CWD saddles have a reputation for having "overly-friendly" pommels.

    I am also very long in the leg and ride in an 18" Devoucoux Oldara with a 4 flap, forward at the top and bottom of the flap.
    The Evil Chem Prof



  17. #17
    Join Date
    Aug. 13, 2008
    Posts
    1,703

    Default

    Thanks for all the replies! I didn't think the 17" seat was a problem since I had an Antares that I loved and could spend all day in with a 17" 2aa flap. I had to sell it for money issues a few years ago, but I figured since that was so comfortable, why not go with the same size? I've also had fittings with Antares, Devoucoux, and an independent saddle fitter and all three put me in a 17" with a very forward flap, (maybe they just didn't have many 17.5"?). I've tried 17.5" in the past, (mainly just riding in friend's saddles), and felt just as comfortable, but I swim in an 18" seat. I'll definitely explore saddle options larger than 17" this time around!

    I like the trading in idea, but every rep I've talked to said I would have to buy a new custom saddle, in order for them to take my saddle. Any ways to get around that? What would I be even able to get, (roughly), as a trade in for a 17" 3c flap 2010 CWD in good shape?



  18. #18
    Join Date
    Jan. 28, 2003
    Location
    Hollywood, but not the one where they have the Oscars!
    Posts
    7,460

    Default

    CWD = Costly Wooha Destroyer
    I miss my Childeric....sigh
    "You can't really debate with someone who has a prescient invisible friend"
    carolprudm


    2 members found this post helpful.

  19. #19
    Join Date
    Oct. 24, 2012
    Posts
    52

    Default

    Quote Originally Posted by indygirl2560 View Post

    Should I just try to deal with what I have? Any ideas?
    OP, you shouldn't try to "deal with what you have", you paid good money to get the perfect saddle and right now you don't have it, so keep looking for it! But remember that what you have is a high-end expensive saddle, and that's worth a lot of money even if it doesn't work for you right now. All of the other saddle manufacturers out there will be more than happy to trade it in for you and make you a brand new custom saddle for little to sometimes no money added. that's if you don't want to go through the hassles of selling it yourself, because you could get even more money selling it through a consignment store.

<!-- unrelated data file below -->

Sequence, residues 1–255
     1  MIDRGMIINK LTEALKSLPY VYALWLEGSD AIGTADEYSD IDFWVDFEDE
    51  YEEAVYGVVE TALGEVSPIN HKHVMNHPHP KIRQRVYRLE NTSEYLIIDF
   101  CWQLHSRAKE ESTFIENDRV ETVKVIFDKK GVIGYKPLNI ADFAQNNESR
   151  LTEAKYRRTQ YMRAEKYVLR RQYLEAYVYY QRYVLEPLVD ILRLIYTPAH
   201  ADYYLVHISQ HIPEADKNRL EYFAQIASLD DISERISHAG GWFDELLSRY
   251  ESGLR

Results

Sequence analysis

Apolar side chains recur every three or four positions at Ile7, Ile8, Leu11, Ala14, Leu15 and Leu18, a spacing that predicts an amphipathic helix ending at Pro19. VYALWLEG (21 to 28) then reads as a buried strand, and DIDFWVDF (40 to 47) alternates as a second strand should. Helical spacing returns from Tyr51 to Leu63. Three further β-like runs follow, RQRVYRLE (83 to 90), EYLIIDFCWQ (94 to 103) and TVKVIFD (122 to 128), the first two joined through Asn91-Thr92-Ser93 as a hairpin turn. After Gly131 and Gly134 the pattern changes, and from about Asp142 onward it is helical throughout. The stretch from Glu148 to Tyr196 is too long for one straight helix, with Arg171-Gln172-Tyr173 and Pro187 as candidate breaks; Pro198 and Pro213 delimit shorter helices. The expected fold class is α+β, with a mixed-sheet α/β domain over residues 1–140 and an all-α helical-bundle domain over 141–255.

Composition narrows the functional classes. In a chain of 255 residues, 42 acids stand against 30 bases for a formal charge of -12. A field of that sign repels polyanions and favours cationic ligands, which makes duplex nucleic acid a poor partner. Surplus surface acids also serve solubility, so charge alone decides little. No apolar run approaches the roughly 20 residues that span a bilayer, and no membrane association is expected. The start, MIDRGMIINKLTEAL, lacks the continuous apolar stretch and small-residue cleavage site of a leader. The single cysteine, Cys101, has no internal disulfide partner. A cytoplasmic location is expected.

You really shouldn't feel stuck with this saddle.
    Your issue is a common one and most saddle manufacturers deal with it pretty well.
    I'd look at new brands such as Bliss or Voltaire, I've always found that new brands that are launching their products tend to offer perfect products and service. I also think they are more likely to give you a great trade-in deal as they are still trying to convince customers. I remember those few years when Devoucoux and CWD reps were fighting over who would give more free saddles away.... those days are gone unfortunately...



  20. #20
    Join Date
    Oct. 24, 2012
    Posts
    52

    Default

    Quote Originally Posted by believetobe View Post
    Did you buy the saddle new or used? If you bought it used you can likely sell it for what you purchased it for. If you bought it new I would contact CWD and explain the issue. I know of a couple of people whom CWD has switched out the saddle to a different model more comfortable for them.
    Sometimes people with long femurs need to go up a 1/2 seat size to accommodate the distance between the hip and knee and give more freedom for the pelvis. Especially in a deeper seat saddle. Most people who are sensitive to the pommel will do a flatter seat, a wider twist, go up a half seat size, or a do a low pommel version of the saddle. I hope this helps!
    believetobe, you really should put it in your signature that you are "proud to work for CWD" as you said the other day. Because changing your settings to make only your last comment visible + not mentioning your link the the company anymore gives a strange idea of your supposedly unbiased advice.
    Just saying...


    1 members found this post helpful.